Chapter 13: Amendment 16 Post Mortem

The documented failure of the 16th Amendment to be ratified is a cause for motivating all of us to isolate the precise effects of this failed ratification. In previous chapters, a careful analysis of the relevant case law revealed two competing groups of decisions. One group puts income taxes in the category of direct taxes. Another group puts them in the category of indirect taxes. One group argues that the 16th Amendment did amend the Constitution by authorizing an unapportioned direct tax, but only on income, leaving the apportionment rule intact for all other direct taxes. Another group argues that the 16th Amendment did not really amend the Constitution; it merely clarified the taxing power of Congress by overturning the "principle" on which the Pollock case was decided. By distilling the cores of these two competing groups, we are thereby justified in deciding that a ratified 16th Amendment produced one or both of the following two effects:
     1.   Inside the  50 States,  it  removed  the  apportionment 
          restriction from taxes laid on income, but it left this 
          restriction in place for all other direct taxes. 
     2.   It overturned  the principle  advanced in  the  Pollock 
          case which  held that  a tax  on income  is,  in  legal 
          effect, a tax on the source of the income. 
Federal courts did not hesitate to identify the effects of a ratified 16th Amendment. Now that the evidence against its ratification is so overwhelming and incontrovertible, the federal courts are evidently unwilling to identify the effects of the failed ratification. These courts have opted to call it a "political" question, even though it wasn't a "political" question in years immediately after Philander C. Knox declared it ratified. It is difficult to believe that the federal courts are now incapable of exercising the logic required to isolate the legal effects of the failed ratification. Quite simply, if a ratified 16th Amendment had effect X, then a failed ratification proves that X did not happen. What is X? Their "political" unwillingness to exercise basic logic means that the federal courts have abdicated their main responsibility -- to uphold and defend the Constitution -- and that we must now do it for them instead (see Appendix W concerning "Direct Taxation and the 1990 Census"). At a minimum, the value of X is one or both of the two effects itemized above.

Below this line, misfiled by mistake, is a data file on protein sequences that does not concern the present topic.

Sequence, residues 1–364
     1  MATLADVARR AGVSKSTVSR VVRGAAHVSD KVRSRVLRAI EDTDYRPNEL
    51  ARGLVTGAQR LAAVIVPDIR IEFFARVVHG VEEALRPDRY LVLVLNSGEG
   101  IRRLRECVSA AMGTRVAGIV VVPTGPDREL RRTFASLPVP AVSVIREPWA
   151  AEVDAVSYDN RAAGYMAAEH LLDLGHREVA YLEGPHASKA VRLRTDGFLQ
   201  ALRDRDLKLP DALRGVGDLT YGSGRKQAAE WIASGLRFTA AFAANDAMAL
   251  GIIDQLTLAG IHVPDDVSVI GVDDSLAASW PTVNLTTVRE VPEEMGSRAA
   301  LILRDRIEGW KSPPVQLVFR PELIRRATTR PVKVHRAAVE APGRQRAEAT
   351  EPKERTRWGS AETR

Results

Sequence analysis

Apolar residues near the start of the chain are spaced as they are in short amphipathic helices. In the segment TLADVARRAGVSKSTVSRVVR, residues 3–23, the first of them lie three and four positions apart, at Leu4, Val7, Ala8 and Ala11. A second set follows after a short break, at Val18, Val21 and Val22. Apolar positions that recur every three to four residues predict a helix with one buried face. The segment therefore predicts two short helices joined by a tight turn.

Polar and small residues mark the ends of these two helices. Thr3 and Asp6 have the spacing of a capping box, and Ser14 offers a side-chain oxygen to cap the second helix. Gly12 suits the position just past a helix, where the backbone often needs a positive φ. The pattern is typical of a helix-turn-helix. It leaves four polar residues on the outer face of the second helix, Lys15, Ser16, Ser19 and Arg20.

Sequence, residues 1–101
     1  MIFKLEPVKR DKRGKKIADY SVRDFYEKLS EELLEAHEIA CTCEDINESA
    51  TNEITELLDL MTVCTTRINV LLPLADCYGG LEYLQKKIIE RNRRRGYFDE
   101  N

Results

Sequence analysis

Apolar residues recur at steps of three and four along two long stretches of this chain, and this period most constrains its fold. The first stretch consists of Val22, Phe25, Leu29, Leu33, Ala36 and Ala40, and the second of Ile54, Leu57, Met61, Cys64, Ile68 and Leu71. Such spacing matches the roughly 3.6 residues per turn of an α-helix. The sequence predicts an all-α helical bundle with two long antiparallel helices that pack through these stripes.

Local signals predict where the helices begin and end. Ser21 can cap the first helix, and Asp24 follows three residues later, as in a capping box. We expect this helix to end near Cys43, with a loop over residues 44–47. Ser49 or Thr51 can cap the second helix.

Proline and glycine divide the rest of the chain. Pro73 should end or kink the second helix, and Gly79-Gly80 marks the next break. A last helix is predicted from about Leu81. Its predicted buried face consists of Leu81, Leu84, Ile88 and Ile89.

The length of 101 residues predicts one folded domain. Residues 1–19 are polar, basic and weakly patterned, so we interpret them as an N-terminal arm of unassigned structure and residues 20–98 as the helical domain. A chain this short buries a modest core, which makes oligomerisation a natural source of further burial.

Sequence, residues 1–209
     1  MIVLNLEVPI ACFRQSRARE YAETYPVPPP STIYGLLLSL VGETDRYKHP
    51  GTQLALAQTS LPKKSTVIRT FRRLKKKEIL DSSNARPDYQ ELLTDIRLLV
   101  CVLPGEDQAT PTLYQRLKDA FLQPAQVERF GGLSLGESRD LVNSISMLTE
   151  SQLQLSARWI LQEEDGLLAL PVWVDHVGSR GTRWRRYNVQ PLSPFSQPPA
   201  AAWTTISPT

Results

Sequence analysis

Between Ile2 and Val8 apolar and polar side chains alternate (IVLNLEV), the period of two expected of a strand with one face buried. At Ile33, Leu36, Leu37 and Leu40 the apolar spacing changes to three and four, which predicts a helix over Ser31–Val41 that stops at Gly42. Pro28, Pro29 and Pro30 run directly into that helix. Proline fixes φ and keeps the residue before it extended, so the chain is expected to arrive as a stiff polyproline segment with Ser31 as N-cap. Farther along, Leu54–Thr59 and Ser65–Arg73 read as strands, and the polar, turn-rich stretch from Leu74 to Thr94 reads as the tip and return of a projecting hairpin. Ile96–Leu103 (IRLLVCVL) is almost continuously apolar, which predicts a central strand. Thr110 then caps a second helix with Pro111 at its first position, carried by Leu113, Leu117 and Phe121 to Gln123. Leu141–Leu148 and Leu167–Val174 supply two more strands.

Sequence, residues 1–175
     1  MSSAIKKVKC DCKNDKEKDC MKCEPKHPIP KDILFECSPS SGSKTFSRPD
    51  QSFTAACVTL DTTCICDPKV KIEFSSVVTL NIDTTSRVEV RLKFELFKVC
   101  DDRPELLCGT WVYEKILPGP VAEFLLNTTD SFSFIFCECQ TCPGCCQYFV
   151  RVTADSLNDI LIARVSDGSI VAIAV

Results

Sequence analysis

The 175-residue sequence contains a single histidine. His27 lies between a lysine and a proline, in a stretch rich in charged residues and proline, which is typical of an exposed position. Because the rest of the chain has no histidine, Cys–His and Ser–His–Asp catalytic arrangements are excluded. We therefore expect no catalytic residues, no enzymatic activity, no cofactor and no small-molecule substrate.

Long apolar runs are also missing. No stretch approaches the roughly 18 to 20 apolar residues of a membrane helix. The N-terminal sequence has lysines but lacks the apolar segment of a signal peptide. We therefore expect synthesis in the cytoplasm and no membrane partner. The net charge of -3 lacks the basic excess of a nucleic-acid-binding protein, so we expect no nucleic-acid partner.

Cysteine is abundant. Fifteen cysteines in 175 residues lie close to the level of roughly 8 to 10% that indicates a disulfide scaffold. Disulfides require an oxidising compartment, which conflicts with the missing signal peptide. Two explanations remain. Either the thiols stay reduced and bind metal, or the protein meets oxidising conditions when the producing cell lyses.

Some people continue to argue, even now, that the 16th Amendment doesn't even matter at all. Soon after The Federal Zone began to circulate among readers throughout America, the flow of complimentary letters grew to become a steady phenomenon. As of this writing, no substantive criticisms have been received of its two major theses, i.e., territorial heterogeneity and void for vagueness. Occasional criticisms did occur, but most of them were minor, lacking in substance, or lacking authority in law. The following is exemplary of the most serious of these criticisms:

     I fail to understand the harping on the invalid ratification 
     of the 16th Amendment.  It really doesn't matter whether the 
     amendment was  ratified or  not  --  Brushaber ruled "no new 
     powers, no  new subjects",  and further  went on  to tell us 
     that Congress  always had  the power  to tax  what the  16th 
     Amendment said could be taxed. 
                            [private communication, June 1, 1992] 
It does matter whether the amendment was ratified or not, for several reasons. One obvious reason is that the Federal Register contains at least one official statement that the 16th Amendment is the federal government's general authority to tax the incomes of individuals and corporations (see Chapter 1 and Appendix J). If the amendment failed, then it cannot be the government's general authority to tax the incomes of individuals and corporations. There may be some other authority, but that authority is definitely not the 16th Amendment. The official statement in the Federal Register is further evidence of fraud and misrepresentation, even if its author was totally innocent.

Another reason is that, contrary to Brushaber, other decisions of the Supreme Court, as well as lower federal courts, have ruled that taxes on incomes are direct taxes, and the 16th Amendment authorized an unapportioned direct tax on incomes. Author Jeffrey Dickstein has done a very thorough job of demonstrating how the Brushaber ruling stands in stark contrast to the Pollock case before it, and to the Eisner case after it. The Brushaber decision is an anomaly for this reason, and for this reason alone. It ruled that income taxes are indirect excise taxes (which necessarily must be uniform across the States of the Union). However, the Brushaber court failed even to mention "The Insular Cases" and the doctrine of territorial heterogeneity that issued therefrom (see Appendix W).

If the 16th Amendment authorized an unapportioned direct tax on incomes, per Eisner, Peck, Shaffer and Richardson, then such a tax is not required to be either uniform or apportioned. Therefore, this group of decisions did interpret the 16th Amendment differently from Brushaber; they conclude that it did amend the Constitution and that it did create a new power, namely, the power to impose an unapportioned direct tax. Contrary to the private communication quoted above, Congress has not always had the power to impose an unapportioned direct tax on the States of the Union. In view of the evidence which now proves that the 16th Amendment was never ratified, it is correct to say that Congress has never had the power to impose an unapportioned direct tax on the States of the Union. The Pollock decision now becomes a major hurdle standing in the government's way, because the Pollock Court clearly found that all taxes on income are direct taxes, and all direct taxes levied inside the 50 States must be apportioned. The Pollock decision is most relevant to any direct tax which Congress might levy against the incomes and property of State Citizens, as distinct from citizens of the United States**. (Each has citizens of its own.)